Alert the media: a celebrity isn't sure she wants to throw a giant celebrity wedding. Jennifer Lopez fielded questions from People regarding potential wedding plans with her boyfriend Casper Smart (who would be her fourth husband, should she decide to get married) and responded with "I don't know." This uncertain response was apparently headline-worthy, despite its lack of bombshell information — its newsworthiness lies only in the revelation that there might be one less celebrity wedding to ogle in the near future.
So why even mention it? Why bother? We've got plenty of celebs just begging for us to pay attention to their weddings (yes, you, Kaley Cuoco), what's one less occasion for "secret plans" that are discovered and photographed anyway?
Firstly, we have the issue of expectation. Celebrities have trained us that when they fall in love, the first thing they do is throw an extravagant, romantic commitment soiree and whether they promote it or not, photographs will make their way to the hands of the celebrity-obsessed.
We long for the glossy images of the all-important dress, the flowers, and the venue so we can judge the classiness of the affair and give our input about which blooms would have looked better. We want to see the bride looking like a princess so we can build our own unfair expectations of a wedding ceremony. We'd absolutely lose our minds over a picture of Lopez shoving cake in Smart's face. It seems that when it comes to celebrities, our marriage expectations are not so much about marriage as they are a song and dance that keeps the celebrity carousel spinning.
But then comes the darker side. Celebrity marriages are some the most notoriously combustible relationships on the planet. It's not even shocking that someone like Lopez has three ex-husbands. It's just the nature of Hollywood, where passions run high, tempers burn hot, and ego is everything. When two celebs get married (or in tabloid punching bag Jennifer Aniston's case, even just engaged), the natural progression of possible stories blossoms from pretty, shiny photos to pregnancy rumors and hints of an impending breakup, or, if there's a really emotionally suggestive image to go with it, a "meltdown." And in Lopez's case, we've got the younger man situation as well, which notoriously leads to ruthless relationship coverage.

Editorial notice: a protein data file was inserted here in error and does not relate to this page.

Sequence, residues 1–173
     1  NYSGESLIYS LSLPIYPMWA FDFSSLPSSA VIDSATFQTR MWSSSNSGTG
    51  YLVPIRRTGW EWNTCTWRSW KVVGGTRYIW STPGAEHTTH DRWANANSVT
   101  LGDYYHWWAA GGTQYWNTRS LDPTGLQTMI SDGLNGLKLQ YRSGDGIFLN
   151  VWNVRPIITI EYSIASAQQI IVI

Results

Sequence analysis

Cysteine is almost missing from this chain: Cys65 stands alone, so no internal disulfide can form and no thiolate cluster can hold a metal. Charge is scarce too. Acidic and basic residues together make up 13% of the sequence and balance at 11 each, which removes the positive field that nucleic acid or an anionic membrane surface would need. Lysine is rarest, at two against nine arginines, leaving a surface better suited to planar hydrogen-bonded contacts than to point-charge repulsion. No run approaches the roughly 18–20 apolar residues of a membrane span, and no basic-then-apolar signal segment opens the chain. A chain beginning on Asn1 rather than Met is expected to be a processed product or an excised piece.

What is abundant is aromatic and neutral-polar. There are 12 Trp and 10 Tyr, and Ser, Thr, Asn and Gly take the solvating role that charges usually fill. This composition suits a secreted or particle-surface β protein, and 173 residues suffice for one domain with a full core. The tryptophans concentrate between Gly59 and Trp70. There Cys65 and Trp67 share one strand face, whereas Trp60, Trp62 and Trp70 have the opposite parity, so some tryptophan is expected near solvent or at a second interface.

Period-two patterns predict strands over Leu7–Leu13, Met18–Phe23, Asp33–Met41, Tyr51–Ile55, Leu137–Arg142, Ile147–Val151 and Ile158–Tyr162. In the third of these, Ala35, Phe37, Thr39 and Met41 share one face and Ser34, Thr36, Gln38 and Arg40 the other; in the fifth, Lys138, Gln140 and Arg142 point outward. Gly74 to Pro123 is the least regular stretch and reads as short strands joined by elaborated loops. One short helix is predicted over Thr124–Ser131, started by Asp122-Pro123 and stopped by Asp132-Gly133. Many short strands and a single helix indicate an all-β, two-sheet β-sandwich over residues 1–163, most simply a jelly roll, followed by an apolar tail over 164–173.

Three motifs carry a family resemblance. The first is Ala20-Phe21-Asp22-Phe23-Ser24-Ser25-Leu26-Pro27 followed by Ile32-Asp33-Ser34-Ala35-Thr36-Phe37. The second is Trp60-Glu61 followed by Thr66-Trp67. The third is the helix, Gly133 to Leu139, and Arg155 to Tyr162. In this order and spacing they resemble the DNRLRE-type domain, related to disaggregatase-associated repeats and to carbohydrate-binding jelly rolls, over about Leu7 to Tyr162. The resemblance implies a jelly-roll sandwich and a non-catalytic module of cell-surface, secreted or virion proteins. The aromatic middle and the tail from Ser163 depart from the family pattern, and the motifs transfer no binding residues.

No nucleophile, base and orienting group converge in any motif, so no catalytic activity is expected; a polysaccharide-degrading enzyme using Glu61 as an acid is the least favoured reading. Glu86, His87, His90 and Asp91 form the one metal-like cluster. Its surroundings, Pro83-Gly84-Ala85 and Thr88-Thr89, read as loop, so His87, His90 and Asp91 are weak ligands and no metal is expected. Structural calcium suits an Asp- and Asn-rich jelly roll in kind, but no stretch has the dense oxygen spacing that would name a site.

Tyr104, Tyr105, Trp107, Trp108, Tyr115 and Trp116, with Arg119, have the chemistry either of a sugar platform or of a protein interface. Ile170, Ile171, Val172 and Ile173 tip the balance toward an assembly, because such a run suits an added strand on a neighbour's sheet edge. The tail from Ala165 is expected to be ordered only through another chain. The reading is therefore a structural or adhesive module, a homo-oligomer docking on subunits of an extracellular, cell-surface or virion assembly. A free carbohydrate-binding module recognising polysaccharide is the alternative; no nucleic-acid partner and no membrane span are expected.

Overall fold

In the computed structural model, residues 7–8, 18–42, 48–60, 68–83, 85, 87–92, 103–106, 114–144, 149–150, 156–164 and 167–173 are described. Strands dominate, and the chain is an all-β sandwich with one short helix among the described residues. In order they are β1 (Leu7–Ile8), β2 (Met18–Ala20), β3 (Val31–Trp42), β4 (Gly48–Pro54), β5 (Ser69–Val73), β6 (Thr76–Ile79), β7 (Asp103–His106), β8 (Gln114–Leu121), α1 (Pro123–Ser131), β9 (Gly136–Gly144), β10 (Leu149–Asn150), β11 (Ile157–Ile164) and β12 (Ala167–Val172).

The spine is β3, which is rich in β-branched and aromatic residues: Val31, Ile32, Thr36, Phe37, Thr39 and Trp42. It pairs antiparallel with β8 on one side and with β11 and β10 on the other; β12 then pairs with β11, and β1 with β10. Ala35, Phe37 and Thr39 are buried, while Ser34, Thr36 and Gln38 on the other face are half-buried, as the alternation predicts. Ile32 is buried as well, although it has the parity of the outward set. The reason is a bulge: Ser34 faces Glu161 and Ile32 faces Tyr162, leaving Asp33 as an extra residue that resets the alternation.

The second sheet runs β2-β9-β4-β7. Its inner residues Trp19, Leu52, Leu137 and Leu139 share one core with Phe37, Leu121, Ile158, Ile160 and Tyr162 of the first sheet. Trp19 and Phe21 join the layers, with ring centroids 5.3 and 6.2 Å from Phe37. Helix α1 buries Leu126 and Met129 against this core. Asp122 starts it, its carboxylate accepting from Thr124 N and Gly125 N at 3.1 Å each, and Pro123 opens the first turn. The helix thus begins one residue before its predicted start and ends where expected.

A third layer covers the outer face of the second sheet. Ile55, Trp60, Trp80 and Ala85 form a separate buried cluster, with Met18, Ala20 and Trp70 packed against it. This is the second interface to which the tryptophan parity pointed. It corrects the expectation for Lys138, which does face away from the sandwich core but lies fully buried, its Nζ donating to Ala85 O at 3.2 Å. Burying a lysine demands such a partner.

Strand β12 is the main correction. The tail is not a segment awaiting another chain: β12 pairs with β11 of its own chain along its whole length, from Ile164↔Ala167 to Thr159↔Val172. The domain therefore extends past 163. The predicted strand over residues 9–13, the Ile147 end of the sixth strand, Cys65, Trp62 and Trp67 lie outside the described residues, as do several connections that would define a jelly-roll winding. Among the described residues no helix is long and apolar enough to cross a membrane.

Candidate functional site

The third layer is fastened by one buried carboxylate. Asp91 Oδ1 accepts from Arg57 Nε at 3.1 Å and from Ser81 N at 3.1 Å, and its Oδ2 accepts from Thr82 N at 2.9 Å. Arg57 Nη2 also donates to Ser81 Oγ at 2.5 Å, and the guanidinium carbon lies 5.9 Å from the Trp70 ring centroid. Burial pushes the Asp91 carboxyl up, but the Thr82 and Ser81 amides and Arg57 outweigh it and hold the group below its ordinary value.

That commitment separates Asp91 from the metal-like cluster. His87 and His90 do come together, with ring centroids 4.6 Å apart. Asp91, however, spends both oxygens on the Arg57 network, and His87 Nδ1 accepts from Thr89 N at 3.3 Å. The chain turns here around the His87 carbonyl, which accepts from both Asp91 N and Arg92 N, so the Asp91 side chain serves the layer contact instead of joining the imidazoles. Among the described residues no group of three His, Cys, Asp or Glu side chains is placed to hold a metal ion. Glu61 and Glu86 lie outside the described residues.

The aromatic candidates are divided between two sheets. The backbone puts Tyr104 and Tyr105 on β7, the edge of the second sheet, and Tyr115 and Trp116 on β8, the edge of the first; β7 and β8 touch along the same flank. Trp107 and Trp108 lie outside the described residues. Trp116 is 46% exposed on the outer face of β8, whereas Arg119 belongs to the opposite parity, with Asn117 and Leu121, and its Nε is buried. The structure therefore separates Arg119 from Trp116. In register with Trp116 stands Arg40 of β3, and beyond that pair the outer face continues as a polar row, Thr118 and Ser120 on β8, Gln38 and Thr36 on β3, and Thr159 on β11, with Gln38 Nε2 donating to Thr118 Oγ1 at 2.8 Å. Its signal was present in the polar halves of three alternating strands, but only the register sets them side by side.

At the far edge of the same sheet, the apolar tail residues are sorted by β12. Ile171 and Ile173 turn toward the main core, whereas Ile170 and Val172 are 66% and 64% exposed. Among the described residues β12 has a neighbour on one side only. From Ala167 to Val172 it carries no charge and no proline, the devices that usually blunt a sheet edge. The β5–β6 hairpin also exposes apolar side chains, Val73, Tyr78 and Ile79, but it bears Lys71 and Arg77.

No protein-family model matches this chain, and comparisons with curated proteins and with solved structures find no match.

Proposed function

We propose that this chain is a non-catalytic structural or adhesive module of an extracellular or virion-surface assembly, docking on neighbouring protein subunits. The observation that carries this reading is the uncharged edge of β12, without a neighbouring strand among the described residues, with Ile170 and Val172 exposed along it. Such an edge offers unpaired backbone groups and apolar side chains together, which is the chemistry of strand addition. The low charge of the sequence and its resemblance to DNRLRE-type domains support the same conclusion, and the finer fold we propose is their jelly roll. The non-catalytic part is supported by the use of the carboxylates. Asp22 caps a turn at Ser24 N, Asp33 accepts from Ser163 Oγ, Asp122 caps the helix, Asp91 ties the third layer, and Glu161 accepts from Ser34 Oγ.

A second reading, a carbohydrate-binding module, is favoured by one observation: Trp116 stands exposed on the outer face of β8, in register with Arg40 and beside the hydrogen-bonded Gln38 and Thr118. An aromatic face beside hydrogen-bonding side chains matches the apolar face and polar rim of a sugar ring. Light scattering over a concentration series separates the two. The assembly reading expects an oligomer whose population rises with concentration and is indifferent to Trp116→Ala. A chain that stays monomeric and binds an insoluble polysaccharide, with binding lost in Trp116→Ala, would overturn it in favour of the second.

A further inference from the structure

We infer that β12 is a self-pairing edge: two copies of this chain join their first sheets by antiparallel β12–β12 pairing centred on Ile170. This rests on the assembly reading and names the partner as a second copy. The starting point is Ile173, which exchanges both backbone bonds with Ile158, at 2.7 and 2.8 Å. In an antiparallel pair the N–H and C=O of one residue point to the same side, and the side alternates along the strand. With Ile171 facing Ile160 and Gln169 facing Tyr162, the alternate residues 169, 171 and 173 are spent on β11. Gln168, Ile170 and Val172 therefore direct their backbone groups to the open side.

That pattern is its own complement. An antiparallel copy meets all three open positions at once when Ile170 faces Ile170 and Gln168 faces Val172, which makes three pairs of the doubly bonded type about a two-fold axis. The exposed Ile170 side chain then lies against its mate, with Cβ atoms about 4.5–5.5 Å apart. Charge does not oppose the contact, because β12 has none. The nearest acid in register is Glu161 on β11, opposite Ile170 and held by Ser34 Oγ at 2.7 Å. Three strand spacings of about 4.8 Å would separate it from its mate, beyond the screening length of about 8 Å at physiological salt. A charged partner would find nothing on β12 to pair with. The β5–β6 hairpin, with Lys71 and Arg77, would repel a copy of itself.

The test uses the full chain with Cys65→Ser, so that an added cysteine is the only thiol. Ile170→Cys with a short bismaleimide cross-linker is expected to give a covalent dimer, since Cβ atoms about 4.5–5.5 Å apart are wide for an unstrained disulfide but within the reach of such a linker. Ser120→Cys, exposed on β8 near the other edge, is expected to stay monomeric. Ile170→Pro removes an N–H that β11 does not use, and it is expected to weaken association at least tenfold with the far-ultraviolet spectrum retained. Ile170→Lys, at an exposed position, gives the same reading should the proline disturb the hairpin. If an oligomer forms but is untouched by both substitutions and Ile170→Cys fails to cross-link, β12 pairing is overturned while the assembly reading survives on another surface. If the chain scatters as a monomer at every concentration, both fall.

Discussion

It's the circle of life for celebrity marriages, and the celeb news cycle thrives on it. When a big star, like Lopez, suggests she might be done with the whole merry-go-round, it throws a wrench in expectations. If she's not eventually going to get married, then what do we have to look forward to? Her album, which she toiled over while raising her children and working a second job at American Idol like a champ? Perhaps the way she lobbies in Washington for a better representation of Latino characters and stars on television? Nah. Wedding or bust.
And for those who might suggest that we, as a core of celebrity-obsessed people, are simply hoping she finds happiness are full of it. Some of the longest-lasting relationships in Hollywood are between unmarried people. From Liev Schriber and Naomi Watts, John Hamm and Jennifer Westfeldt, Oprah and Stedman, to the obvious Brad Pitt and Angelina Jolie or the classic unmarried power couple Goldie Hawn and Kurt Russell, there's almost more evidence for celebrity couples staying happy without all the hubbub.
But even Pitt and Jolie, who've been together raising their sizable brood are still expected to get married. Every time Jolie steps out with a new bauble on her finger, the rumors ignite: they're finally getting married! They're finally going to please our puritanical needs and stop living in sin! Hamm and Westfeldt's relatively new fame greeted the couple of 16 years with rumors galore about Westfeldt's desperation for marriage or Hamm "finally opening up" about why he's chosen to take the George Clooney stance on marriage.
And then there's Clooney, who famously refuses to marry while the entirety of celebrity news gathering organizations and women everywhere hope and pray that one day he'll change his mind. "I keep saying I'll never get married again or have children but people just don't want to believe me," he recently told the UK's Express.
At a time when we allow such freedom for normal people who choose not to be married or choose to stay single (unless of course, you're a certain sexist Fox News contributor), celebrities are somewhat of a last frontier. We expect them to hand out giant engagement rings and get caught smiling endlessly in wedding attire. We also expect them to be "on the rocks" when they're caught scowling in public or "pregnant" when someone gets an In and Out craving.
We demand the soap opera that is celebrity life, but we bury that under the guise of simply hoping for "happiness" for the two people at hand. In truth, isn't it likely that they could be happier if they weren't bearing the unbelievable weight of our silly, unfounded expectations?
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